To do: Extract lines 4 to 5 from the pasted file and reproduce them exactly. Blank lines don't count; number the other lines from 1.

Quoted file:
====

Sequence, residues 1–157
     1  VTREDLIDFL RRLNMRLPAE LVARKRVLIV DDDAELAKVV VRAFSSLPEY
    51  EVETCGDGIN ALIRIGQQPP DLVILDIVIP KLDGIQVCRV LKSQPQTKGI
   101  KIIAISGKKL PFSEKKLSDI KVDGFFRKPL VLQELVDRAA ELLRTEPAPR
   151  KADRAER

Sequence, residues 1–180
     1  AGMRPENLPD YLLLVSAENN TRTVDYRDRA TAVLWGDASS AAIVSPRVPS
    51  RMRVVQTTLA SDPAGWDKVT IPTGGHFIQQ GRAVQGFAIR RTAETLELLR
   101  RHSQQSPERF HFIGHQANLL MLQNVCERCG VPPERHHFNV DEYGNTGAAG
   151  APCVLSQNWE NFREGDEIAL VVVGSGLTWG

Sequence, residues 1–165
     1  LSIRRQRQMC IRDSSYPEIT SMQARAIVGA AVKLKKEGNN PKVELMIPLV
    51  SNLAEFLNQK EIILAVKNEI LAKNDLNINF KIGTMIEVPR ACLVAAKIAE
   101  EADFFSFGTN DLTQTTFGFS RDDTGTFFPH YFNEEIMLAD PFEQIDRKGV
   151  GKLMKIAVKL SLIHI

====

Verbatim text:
   101  KIIAISGKKL PFSEKKLSDI KVDGFFRKPL VLQELVDRAA ELLRTEPAPR
   151  KADRAER